Ben Grainger: “Although we’re at a distance, we’re still here for our students virtually”
Since the Fall of 2018, Ben Grainger has been a part of the SJCC team. Working as an Academic Counselor, he strives to guide students toward success in their educational goals and beyond.
At present, he also teaches a Guidance-130: College and Life Success class, which focuses on the knowledge, skills, and abilities that students need to achieve success in college as well as life.
“Some of that involves knowing how to navigate the college system, such as how to choose a major, how to plan for your general education (GEs), how to transfer to a university,” said Grainger. “It also covers things like study skills, time management, and note-taking, basically all the things that college professors are going to expect students to know how to do in their classes.”
This semester, Grainger’s class has about 25 students, all juniors and seniors from Calaveras Hills High school in Milpitas. Earlier in the semester, when the entire world wasn’t yet grappling with the coronavirus pandemic, Grainger’s students were coming in to take his class right after their regular school day at Cal Hills.
“It gives them an opportunity to earn credits for college while still in high school, but also, they can be applied as elective credits towards their high school graduation,” said Grainger.
At present, due to school closures that will last till the end of the current 2019-2020 year, things have changed. Professors across SJCC’s main campus and Milpitas location, still intent upon providing students with an education, have transitioned all their teaching to online platforms.
Grainger and his colleagues had to quickly become experts on using this new equipment for teaching, while transitioning all counseling to video conferencing. Not an easy feat, considering that not everyone is technically savvy—and also considering that this had to be done fairly quickly.
Grainger, who had incorporated some aspects of distance education into past classes, found the transition to be fairly smooth. He was already quite familiar with the use of Canvas, the online educational platform used by the college.
“At the same time, there is a difference between using Canvas as a supplement to the in-class instruction, and using Canvas to facilitate the entire class experience,” mentioned Grainger.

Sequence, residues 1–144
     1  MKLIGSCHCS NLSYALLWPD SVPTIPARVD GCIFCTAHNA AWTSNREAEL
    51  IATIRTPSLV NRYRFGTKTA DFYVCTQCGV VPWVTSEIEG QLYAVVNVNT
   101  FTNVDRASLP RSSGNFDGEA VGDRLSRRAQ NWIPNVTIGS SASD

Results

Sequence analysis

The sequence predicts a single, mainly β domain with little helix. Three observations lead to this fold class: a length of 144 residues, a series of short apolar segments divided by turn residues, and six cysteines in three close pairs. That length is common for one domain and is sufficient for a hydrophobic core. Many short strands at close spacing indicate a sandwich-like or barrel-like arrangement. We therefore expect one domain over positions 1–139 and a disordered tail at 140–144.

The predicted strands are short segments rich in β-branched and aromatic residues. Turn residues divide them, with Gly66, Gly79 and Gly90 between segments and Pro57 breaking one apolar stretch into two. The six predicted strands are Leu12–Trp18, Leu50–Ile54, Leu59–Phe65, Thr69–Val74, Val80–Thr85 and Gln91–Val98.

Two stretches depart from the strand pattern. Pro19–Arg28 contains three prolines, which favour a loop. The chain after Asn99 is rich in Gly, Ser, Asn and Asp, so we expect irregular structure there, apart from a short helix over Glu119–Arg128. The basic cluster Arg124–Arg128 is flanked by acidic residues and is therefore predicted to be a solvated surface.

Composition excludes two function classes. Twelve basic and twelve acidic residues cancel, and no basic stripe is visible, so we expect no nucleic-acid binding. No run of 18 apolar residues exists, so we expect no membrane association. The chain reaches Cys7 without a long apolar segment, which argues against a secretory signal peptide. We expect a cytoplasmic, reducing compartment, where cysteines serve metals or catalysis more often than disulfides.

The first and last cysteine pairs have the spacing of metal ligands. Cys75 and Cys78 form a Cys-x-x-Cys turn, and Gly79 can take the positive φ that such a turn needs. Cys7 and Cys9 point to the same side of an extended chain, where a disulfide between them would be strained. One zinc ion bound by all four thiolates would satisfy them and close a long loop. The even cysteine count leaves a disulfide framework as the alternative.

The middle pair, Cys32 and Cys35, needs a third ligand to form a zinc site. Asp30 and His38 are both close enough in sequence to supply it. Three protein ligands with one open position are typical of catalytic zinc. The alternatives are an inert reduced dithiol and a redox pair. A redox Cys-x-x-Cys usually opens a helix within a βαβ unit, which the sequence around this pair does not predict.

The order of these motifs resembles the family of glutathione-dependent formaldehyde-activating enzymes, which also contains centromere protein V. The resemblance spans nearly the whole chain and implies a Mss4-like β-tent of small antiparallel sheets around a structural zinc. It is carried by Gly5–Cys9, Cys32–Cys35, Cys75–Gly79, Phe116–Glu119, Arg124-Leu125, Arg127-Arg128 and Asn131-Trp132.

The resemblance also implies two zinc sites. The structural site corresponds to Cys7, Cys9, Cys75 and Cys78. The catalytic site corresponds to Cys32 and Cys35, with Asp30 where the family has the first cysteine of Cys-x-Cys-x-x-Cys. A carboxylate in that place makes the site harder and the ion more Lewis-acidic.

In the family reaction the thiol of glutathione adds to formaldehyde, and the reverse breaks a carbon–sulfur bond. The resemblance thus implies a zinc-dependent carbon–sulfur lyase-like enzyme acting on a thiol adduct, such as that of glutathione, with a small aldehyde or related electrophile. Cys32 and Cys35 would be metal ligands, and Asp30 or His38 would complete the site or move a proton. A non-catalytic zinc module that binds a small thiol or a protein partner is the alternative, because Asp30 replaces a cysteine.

One of the things that Grainger embraced as a way of fully committing to this new, virtual way of doing things: Not trying to replicate everything exactly as it was for in-person teaching and counseling.
In accepting and embracing the new format, Grainger found he doesn’t need to waste energy on forcing things to be a certain way.
“It’s about understanding that it will be different, and being ok with that,” said Grainger.
Teaching from home, however, does bring its own unique challenges. Grainger’s wife, who’s also a teacher, is at home, too, along with their 10-month-old baby.
“Having them around is wonderful, but can also be challenging when I have something that I need to focus on. The baby doesn't quite understand that daddy is working, and can't just play all the time. She did attend our video-conference staff meeting with me last week, so that was fun,” said Grainger.
Also, even though Grainger has transitioned well into working remotely, he still laments the loss of in-person connections, which he feels are vital for students to experience. During his regular class, he always worked to make things active and participatory, so that the students were engaged and immersed in the process. With everyone so far apart, and in their own locations, much of that gets lost.
“I think that the classroom interactions among the students are where a lot of the learning happens, and that can't be easily replicated online,” said Grainger. “There's also so much in a counseling appointment that is dependent on building a good rapport and relationship with the students, and that simply is not as easy to do via phone or video-conference.”
During his counseling sessions, Grainger has noticed that the pandemic has brought anxiety and uncertainty up to the surface for some students. He’s been very mindful of the fact that these classes aren’t the only thing happening in a student’s life, and that they face pressing challenges, just like everyone else.
“Many of our students work, and might be affected by layoffs. Many students have families, so they have the added stress of children or partners being home from work or school,” said Grainger. “I think it's important for instructors to remember that their students are people, too, and face all the same challenges and stress that we all are in this situation. Honestly, if I were in a position where my work hours were cut and I had questions about how I was going to make rent, keeping up with my classes and college might not be my top priority.”
However, even with the new challenges that have presented themselves during this tumultuous time, Grainger is intent upon continuing to show up each day for his students, to give them the support, education, and guidance that they so need.
For now is truly a time when they need it most.
“Although we’re at a distance, we’re still here for our students virtually,” said Grainger.